“Restaurants charge a 200% markup or more because of things that you don’t have to do anymore,” Shirley said. “Things like delivery, doing the grocery shopping, preparing the food, etc. The convenience of ordering food is what makes it more expensive.”

It’s an Industry Based on Upselling

Would you like to add extra cheese for $2? A large is only $3 more. Should I upgrade your sandwich to a platter?

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From McDonald’s to the swankiest steakhouses, upselling is the name of the game.

“Restaurant staff are well-trained to suggest larger portions, as well as appetizers, additional drinks and desserts, and to share their menu ‘favorites’ that tend to be higher-priced,” said Karen Condor, a personal finance expert with QuoteInspector.com. “When in that environment, it can be a challenge to resist temptations.”

In most cases, it starts before you even look at the menu, just after you sit down: The eight most expensive words in the food industry are “Can I start you off with a drink?”

According to bar inventory software company Binwise, the average profit margin on drinks is 15% higher than on food — the profit margin for the most common cocktails is about 80%.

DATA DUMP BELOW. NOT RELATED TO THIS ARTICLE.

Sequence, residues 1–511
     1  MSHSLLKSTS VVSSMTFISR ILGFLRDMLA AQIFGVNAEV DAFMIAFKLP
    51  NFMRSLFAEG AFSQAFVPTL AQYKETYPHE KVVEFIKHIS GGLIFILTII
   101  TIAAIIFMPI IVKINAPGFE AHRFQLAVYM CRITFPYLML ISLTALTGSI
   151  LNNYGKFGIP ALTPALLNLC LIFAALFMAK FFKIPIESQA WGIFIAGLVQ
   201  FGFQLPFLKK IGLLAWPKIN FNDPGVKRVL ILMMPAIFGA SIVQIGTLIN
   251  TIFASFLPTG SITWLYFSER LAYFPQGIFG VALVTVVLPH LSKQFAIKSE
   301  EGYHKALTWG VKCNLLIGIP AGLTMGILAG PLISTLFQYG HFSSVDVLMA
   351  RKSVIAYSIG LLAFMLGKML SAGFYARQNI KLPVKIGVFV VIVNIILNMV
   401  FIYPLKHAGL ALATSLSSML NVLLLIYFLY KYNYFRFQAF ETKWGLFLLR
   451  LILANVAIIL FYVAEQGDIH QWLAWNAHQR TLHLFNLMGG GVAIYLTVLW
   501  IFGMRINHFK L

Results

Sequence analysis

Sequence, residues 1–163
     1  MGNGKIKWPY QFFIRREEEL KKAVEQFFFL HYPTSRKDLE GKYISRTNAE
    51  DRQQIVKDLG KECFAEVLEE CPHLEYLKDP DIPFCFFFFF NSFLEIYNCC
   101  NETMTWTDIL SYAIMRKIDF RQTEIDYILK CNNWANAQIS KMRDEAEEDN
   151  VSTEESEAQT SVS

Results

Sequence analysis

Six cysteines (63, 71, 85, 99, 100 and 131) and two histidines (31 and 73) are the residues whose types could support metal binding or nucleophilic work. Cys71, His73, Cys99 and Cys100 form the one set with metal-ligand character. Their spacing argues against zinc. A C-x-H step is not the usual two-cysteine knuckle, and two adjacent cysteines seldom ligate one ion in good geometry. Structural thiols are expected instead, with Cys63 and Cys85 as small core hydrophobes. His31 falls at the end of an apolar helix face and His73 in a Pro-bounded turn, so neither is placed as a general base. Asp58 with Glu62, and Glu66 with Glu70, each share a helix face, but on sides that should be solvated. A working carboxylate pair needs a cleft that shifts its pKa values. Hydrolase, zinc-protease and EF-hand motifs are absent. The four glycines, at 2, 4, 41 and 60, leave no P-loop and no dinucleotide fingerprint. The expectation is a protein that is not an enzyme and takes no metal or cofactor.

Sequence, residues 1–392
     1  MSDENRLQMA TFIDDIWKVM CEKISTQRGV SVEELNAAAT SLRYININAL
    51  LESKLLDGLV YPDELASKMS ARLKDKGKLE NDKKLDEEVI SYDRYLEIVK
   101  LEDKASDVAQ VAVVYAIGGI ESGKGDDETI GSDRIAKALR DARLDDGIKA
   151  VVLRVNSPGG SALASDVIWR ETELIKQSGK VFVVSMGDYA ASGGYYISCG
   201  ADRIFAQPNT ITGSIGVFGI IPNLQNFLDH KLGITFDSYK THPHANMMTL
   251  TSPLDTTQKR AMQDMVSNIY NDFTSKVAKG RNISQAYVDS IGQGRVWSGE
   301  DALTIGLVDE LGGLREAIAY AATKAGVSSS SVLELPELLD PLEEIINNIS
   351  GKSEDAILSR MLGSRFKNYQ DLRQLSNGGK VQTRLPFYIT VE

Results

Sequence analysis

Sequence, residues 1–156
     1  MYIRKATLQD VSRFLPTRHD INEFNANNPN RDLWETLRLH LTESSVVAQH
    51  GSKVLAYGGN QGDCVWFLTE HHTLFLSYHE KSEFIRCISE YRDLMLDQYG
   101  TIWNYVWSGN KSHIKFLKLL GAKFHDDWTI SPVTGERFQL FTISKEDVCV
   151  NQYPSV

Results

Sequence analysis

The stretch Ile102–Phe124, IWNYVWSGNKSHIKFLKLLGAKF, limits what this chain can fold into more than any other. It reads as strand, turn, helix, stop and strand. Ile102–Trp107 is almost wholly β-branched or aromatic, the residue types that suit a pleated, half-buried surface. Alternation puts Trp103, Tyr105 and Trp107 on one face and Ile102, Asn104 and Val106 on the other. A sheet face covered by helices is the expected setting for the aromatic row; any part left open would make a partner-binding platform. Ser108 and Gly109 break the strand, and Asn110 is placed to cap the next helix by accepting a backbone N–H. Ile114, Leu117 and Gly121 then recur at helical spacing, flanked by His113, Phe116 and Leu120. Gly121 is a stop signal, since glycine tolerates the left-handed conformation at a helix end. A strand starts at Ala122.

If you’re spending $9 for a hamburger that costs $1.86 to make, it’s at least as easy to pay more for a glass of wine than you would have paid for the whole bottle in a store.

The pressure continues even after the meal is done and you’re sure you can’t eat another bite.

“After a meal at the restaurant, waiters often try and convince the clients for dessert, especially if the dessert menu is a separate card,” Sall said. “People are more inclined to order more food when they take a look at the menu again, or when they are ‘offered’ the food, even if they are already full. A couple of extra bucks on dessert doesn’t seem like much; but, when you order extra food every time you eat out, $4 can very quickly become $40.”

Finally, there’s the cost of service.

“In most restaurants, it is customary to tip servers 15% to 20% of the total bill,” said Prof. Michael Collins, CFA of Endicott College in Beverly, Massachusetts. “This can add up to a significant amount of money over time, especially for those who eat out frequently.”

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About the Author

Andrew Lisa has been writing professionally since 2001. An award-winning writer, Andrew was formerly one of the youngest nationally distributed columnists for the largest newspaper syndicate in the country, the Gannett News Service. He worked as the business section editor for amNewYork, the most widely distributed newspaper in Manhattan, and worked as a copy editor for TheStreet.com, a financial publication in the heart of Wall Street's investment community in New York City.